The good news is that both of these icons are now in the hands of professionals, who have their best interests at heart, and the ability to restore their heritage and meaning.

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About Richard Shear

designer, husband, teacher, blogger, father, athlete, author, historian Richard has over 25 years of brand identity and package design experience, with a wide range of clients such as Ahold, Coca-Cola, Hasbro, IBM, Johnson & Johnson, Pernod Ricard and Procter & Gamble. He began his career working with the legendary advertising art director, and AIGA Medalist, George Lois and the British design manager Clive Chajet. In his next design management position at Lippincott & Margulies, he worked with Walter Margulies learning the complex skills of global corporate identity. He then became Creative Director and Partner at Peterson & Blyth, one of the premier brand identity and package design firms of the time. He is a founding faculty member of the Masters in Branding Program at New York’s School of Visual Arts. He publishes the blog The Package Unseen, and has been a guest lecturer at colleges including FIT, Trinity College and Tyler School of Art. He is a graduate of the Tyler School of Art at Temple University. Richard is a Board member of the AIGA MetroNorth Chapter, past President of AIGA‘s Brand Design Association, President of the Package Design Council and a member of its Board of Directors. He is a member of USA Cycling and US Rowing, a nationally ranked masters bicycle racer, and a member of The Saugatuck Rowing Club, the 2010 Masters Club National Champion.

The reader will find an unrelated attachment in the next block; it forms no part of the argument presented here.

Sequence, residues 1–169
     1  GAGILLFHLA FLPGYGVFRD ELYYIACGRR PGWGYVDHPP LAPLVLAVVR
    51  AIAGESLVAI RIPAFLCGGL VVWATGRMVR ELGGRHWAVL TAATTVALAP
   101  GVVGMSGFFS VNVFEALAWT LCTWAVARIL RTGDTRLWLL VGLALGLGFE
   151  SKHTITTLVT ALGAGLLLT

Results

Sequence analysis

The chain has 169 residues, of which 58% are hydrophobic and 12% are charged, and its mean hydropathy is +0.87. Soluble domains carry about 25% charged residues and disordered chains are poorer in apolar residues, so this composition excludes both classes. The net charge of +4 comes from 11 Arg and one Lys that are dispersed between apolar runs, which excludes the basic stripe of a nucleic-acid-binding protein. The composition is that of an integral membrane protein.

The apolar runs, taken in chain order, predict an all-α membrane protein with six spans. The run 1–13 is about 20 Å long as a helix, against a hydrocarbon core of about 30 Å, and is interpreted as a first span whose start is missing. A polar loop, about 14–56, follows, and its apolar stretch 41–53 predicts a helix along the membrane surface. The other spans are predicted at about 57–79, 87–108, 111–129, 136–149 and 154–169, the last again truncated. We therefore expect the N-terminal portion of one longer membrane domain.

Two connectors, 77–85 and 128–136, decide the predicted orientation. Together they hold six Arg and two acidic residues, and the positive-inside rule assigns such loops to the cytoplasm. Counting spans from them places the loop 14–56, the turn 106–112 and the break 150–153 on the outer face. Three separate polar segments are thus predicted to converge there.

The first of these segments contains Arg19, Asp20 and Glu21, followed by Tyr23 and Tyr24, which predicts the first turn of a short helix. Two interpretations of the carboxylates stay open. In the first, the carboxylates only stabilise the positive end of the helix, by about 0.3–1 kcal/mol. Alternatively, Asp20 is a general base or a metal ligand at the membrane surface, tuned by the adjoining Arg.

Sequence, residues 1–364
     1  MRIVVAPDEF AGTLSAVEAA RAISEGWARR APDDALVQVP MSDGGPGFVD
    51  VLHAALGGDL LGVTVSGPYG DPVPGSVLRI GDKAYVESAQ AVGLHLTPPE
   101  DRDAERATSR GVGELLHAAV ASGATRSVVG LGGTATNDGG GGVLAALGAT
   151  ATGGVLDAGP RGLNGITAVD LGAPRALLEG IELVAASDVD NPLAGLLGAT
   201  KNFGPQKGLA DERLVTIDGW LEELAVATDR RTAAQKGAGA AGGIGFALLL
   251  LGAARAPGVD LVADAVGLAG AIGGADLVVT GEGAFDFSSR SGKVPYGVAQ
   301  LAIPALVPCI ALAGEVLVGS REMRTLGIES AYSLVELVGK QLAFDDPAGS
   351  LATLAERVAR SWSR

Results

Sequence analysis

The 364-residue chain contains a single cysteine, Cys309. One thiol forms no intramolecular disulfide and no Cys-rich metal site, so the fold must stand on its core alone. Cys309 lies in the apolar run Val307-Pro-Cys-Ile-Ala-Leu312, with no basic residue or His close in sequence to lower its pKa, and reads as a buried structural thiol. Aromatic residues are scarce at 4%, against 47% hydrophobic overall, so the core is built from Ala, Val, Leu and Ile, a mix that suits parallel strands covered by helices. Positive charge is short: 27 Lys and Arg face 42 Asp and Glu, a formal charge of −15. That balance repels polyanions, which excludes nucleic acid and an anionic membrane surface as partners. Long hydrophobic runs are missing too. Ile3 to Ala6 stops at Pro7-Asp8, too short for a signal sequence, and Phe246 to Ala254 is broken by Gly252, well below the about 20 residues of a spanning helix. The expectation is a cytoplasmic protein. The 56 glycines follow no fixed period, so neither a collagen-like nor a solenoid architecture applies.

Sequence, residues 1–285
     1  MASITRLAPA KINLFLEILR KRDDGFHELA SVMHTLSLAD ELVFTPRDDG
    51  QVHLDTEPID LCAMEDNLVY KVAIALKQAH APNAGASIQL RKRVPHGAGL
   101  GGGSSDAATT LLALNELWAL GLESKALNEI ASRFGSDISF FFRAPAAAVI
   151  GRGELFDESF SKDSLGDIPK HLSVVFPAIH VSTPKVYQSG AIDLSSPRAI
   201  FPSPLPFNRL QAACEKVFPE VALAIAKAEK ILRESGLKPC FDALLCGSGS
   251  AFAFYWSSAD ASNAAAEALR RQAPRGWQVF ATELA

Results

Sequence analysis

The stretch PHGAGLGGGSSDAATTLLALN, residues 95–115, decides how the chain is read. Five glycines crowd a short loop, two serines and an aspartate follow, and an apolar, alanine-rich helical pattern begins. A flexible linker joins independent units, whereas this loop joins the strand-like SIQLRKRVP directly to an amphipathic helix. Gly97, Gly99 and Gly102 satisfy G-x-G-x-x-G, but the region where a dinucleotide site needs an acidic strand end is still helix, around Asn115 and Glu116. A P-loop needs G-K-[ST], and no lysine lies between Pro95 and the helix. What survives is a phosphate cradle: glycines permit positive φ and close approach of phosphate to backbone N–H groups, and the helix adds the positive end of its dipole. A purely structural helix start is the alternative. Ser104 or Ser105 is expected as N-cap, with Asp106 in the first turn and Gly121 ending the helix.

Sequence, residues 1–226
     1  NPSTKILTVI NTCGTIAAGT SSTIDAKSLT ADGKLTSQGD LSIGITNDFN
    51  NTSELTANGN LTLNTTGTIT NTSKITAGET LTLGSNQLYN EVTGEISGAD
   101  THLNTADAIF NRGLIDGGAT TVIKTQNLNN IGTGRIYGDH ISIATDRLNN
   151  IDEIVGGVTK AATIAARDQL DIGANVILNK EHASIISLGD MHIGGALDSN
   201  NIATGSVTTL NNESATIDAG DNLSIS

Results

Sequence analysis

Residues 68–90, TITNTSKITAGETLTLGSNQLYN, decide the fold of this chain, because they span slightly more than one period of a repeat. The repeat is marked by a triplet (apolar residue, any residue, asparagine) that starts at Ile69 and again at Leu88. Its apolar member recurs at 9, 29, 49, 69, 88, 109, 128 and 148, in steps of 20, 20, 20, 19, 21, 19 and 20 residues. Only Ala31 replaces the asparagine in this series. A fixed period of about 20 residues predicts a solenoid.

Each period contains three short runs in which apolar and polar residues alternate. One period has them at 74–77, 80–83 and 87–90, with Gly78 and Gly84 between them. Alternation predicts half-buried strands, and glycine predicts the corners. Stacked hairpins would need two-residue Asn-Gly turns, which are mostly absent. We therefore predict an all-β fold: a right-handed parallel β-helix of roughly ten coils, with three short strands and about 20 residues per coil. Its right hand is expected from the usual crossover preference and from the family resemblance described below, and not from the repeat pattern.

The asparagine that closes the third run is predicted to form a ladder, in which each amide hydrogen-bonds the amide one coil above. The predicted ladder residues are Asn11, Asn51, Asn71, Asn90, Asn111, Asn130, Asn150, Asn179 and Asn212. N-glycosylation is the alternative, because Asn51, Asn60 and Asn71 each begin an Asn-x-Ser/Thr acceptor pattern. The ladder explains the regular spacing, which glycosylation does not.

This entry was posted in Architecture, Candy, Design Criticism, Design Practice, Packages in Art, SVA Masters in Branding and tagged , , , , , , , . Bookmark the permalink.

20 Responses to The Image of Christ and Goldenberg’s Peanut Chews

  1. hah. this was bizarrely hilarious for some reason! the comparative pics really made it.

    very nice, thanks for sharing!

  2. Interesting way of connecting these two very different stories. But you are right, in both cases, it was good intentions gone wrong.

  3. Excellent reflection.Nice post.RegardsJalal

  4. 5starts for the post. The image from Borja is quite an internet phenomenon in the social networks. It can attract more tourists than the original image while the joke lasts. So maybe she is more a marketing designer expert than the ones who work at Goldberg’s chocolate.